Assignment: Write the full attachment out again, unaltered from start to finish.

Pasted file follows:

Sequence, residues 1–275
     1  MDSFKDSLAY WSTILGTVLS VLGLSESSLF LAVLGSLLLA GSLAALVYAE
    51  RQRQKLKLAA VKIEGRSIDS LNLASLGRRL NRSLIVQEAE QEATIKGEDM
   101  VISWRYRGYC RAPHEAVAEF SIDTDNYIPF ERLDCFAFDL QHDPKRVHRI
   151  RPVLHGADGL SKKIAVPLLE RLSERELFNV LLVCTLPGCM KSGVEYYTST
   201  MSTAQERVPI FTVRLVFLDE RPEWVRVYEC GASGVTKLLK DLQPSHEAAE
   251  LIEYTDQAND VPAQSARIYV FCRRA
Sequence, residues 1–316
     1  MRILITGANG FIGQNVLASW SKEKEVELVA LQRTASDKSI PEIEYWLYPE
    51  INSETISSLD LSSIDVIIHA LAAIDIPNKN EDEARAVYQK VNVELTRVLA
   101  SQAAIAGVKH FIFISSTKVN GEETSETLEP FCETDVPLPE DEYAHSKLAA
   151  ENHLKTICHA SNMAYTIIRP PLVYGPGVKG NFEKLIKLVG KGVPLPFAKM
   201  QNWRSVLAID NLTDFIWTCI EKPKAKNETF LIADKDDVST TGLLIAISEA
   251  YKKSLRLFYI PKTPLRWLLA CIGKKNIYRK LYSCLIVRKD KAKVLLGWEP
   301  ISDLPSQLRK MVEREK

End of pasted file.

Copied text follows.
Sequence, residues 1–275
     1  MDSFKDSLAY WSTILGTVLS VLGLSESSLF LAVLGSLLLA GSLAALVYAE
    51  RQRQKLKLAA VKIEGRSIDS LNLASLGRRL NRSLIVQEAE QEATIKGEDM
   101  VISWRYRGYC RAPHEAVAEF SIDTDNYIPF ERLDCFAFDL QHDPKRVHRI
   151  RPVLHGADGL SKKIAVPLLE RLSERELFNV LLVCTLPGCM KSGVEYYTST
   201  MSTAQERVPI FTVRLVFLDE RPEWVRVYEC GASGVTKLLK DLQPSHEAAE
   251  LIEYTDQAND VPAQSARIYV FCRRA
Sequence, residues 1–316
     1  MRILITGANG FIGQNVLASW SKEKEVELVA LQRTASDKSI PEIEYWLYPE
    51  INSETISSLD LSSIDVIIHA LAAIDIPNKN EDEARAVYQK VNVELTRVLA
   101  SQAAIAGVKH FIFISSTKVN GEETSETLEP FCETDVPLPE DEYAHSKLAA
   151  ENHLKTICHA SNMAYTIIRP PLVYGPGVKG NFEKLIKLVG KGVPLPFAKM
   201  QNWRSVLAID NLTDFIWTCI EKPKAKNETF LIADKDDVST TGLLIAISEA
   251  YKKSLRLFYI PKTPLRWLLA CIGKKNIYRK LYSCLIVRKD KAKVLLGWEP
   301  ISDLPSQLRK MVEREK